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About the Inititative

The Global Film Initiative was created to promote cross-cultural understanding through the medium of cinema. Although American film continues to thrive in the global marketplace, developing world filmmaking has suffered from shifting economic conditions in film financing and distribution. As a result, audiences in the United States have been denied the rich cultural lessons these films have to offer.

The Initiative has developed four complementary programs, all involving film from the developing world, to address this situation:


For more information regarding our Education Program, visit the Frequently Asked Questions section for Education.

The Education Program

Granting Program | Acquisitions Program | Distribution Program | Education Program


Click here to download catalogue


Download EDU Guides

Click here for discussion guides and more

In his “A New Beginning” address to the University of Cairo in 2009, U.S. President Barack Obama noted that “All of us share this world but for a brief moment in time. The question,” he says “is whether we spend that time focused on what pushes us apart, or whether we commit ourselves to an effort – a sustained effort – to find common ground.”

The challenge to find a “common ground,” especially with those whose cultures and traditions are not our own, extends beyond the reach of geography, history, social studies and languages.  It is no easy achievement, but one that only requires that we see the world through the eyes of others, and share in their daily experience. What matters most to people in China, or Africa, or the Middle East? How do they resolve conflicts? How do they deal with suffering and loss? One of the most successful means of ‘seeing the world through the eyes of others’ is through narrative feature film.

The Education Program of The Global Film Initiative presents full-length feature films from around the world, in specially-designed programs that encourage students to gain a deeper understanding of different cultural points of view. From the opening scenes of these films, students are transported everywhere from the busy and narrow streets of Kolkata to the magnificent mountainous landscapes of Kurdistan. Within their cultural contexts, this year's films investigate universal and unique themes:

  • ABOUT 111 GIRLS (Iraq) An Iranian state official, his driver and a young guide race across a troubled but magnificent landscape to stop 111 young Kurdish women from committing suicide in protest against conditions that have left them spinsters.
  • BEIJING FLICKERS (China) A young man left behind by Beijing's fabulous new wealth experiences moments of euphoria amid despair as he roams the city with other misfit dreamers in this darkly funny, gorgeously gritty portrait of disaffected youth.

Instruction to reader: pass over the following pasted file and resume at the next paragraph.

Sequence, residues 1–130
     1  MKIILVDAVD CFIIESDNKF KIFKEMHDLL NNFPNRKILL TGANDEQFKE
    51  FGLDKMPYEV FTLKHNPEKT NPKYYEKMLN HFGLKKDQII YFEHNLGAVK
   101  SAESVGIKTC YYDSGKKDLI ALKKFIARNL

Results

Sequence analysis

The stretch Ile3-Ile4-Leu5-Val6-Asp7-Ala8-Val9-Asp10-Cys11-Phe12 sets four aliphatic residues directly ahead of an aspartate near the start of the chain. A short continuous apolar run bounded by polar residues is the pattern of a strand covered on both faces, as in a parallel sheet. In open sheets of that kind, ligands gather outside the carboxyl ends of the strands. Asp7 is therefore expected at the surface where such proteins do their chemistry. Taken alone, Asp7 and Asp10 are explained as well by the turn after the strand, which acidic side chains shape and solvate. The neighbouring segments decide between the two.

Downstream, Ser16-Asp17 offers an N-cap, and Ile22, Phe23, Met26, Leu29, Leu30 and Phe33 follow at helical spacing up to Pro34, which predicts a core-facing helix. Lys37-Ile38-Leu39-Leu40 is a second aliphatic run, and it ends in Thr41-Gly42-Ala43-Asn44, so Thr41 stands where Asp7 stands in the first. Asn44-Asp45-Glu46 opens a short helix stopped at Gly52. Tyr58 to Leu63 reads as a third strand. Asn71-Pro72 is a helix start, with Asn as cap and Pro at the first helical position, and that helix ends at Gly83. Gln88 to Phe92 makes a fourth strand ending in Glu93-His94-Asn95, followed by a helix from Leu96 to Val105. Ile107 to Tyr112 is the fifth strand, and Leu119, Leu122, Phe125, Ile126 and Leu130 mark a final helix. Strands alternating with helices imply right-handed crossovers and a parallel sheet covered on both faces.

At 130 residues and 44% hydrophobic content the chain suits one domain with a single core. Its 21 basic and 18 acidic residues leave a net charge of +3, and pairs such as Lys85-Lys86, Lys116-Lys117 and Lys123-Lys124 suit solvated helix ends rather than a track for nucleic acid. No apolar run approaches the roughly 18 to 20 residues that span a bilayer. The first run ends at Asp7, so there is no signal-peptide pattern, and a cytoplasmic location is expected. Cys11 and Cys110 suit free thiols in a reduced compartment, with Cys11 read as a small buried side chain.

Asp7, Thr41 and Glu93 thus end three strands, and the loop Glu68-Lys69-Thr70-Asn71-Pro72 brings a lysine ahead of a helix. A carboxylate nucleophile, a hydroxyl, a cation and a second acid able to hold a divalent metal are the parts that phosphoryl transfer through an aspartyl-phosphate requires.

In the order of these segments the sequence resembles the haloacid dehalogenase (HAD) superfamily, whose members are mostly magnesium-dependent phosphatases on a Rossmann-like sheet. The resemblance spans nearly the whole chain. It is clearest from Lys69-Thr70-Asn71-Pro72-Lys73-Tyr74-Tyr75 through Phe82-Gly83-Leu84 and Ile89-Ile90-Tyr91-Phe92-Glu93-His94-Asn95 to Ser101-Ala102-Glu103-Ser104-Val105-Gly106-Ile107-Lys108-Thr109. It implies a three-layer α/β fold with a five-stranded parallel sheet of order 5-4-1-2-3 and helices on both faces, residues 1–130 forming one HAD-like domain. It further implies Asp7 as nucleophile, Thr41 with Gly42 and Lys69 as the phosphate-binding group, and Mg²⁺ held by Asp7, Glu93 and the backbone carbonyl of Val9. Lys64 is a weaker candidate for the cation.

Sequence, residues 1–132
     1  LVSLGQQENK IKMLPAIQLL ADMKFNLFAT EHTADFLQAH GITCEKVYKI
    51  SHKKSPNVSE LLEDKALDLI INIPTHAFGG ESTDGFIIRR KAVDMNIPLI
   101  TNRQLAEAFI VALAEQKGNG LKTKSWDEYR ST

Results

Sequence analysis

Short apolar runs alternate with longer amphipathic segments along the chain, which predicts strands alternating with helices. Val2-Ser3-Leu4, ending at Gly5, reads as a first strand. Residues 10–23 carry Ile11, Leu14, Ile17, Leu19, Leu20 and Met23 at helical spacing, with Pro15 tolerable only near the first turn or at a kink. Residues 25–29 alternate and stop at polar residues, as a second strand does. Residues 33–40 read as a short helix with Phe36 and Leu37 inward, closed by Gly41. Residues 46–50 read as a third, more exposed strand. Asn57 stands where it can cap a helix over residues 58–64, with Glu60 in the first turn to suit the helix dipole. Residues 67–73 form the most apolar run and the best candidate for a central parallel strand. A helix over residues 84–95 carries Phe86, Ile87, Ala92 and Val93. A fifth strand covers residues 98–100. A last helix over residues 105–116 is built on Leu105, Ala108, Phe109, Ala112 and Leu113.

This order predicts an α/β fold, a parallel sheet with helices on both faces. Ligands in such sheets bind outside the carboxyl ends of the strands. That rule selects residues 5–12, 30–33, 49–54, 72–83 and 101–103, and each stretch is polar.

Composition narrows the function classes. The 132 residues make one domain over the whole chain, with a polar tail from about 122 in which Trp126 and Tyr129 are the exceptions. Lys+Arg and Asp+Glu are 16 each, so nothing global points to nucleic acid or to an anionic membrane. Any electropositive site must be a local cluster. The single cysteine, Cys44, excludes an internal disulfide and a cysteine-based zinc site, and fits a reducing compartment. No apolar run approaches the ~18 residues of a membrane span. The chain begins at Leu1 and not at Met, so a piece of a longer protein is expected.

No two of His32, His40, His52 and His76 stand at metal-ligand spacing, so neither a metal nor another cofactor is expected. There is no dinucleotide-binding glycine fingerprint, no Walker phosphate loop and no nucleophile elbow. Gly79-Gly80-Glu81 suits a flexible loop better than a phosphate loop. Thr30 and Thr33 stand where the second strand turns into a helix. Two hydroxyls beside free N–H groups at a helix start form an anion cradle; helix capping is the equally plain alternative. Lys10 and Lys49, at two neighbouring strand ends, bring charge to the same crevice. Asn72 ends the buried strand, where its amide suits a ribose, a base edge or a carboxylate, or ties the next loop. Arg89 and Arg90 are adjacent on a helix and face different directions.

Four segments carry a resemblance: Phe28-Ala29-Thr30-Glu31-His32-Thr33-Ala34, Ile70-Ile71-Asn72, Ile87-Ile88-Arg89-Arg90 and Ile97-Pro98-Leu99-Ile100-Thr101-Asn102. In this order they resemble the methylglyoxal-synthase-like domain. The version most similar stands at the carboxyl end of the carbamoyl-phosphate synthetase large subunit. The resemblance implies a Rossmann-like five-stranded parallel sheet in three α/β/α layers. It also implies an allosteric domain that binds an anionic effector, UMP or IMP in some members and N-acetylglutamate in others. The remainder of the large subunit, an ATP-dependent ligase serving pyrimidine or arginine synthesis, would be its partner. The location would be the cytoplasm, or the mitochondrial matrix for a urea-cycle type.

• CAIRO 678 (Egypt) Three Cairene women from different backgrounds warily unite to combat the sexual harassment that has impacted each of their lives—and become a citywide plague—but their unconventional response provokes a dogged police hunt.
  • LIFE KILLS ME (Chile) Life and death come wrapped in a mutual embrace, both absurd and poignant, in celebrated director Sebastián Silva's debut film about the unlikely friendship between a grieving, young cinematographer and a morbidly obsessed drifter.
  • SHYAMAL UNCLE TURNS OFF THE LIGHTS (India) An 80-year-old Kolkata retiree is determined to get the streetlights turned off after sunrise, but finding someone to take him seriously proves a battle against an indifferent bureaucracy and a complacent status quo.

The Lesson Plans and Discussion Guides that accompany most films provide standards-based, structured learning that supports core programs in the high school curriculum.

Lesson Plans are:

  • Performance–based assessment tools that encourage and develop reading, writing, presentation and team collaboration skills. Assessment parameters are specified in the Lesson Plan package.
  • Structured on the project-based learning (PBL) model, with warm-up, film screening and post-screening activities driven by the “essential question” in the title.
  • Designed to meet the state curriculum and national program standards listed in the package.

Discussion Guides are:

  • Comprehensive background resources for the films, including information about the geography, history and cultural setting, the filmmaker’s statement and biography, and a guide to filmmaking techniques.
  • Post–screening resources for teachers, providing structured, theme–based discussion questions to encourage deeper understanding of the characters, stories and cultural context of the films.
  • Designed to meet national program standards listed in the package.

Lesson Plans and Discussion Guides are available for download on this website, in .pdf format. Additional resources available for download:

  • Presenter’s Guides for each film, with film highlights and talking points about the cultural context.
  • Fact Sheets for each film, similar to the Presenter’s Guides but with more information about the filmmaker, where the film has been screened and awards received.
  • Subtitle Lists that correspond to the subtitles shown on the screen. Subtitle Lists can be valuable for post–screening activities that focus on the details of particular scenes or character development.

If you would like to download any of our educational materials (Teaching Guides, Discussion Guides, Subtitles, Presenter Guides) click here to log-in.

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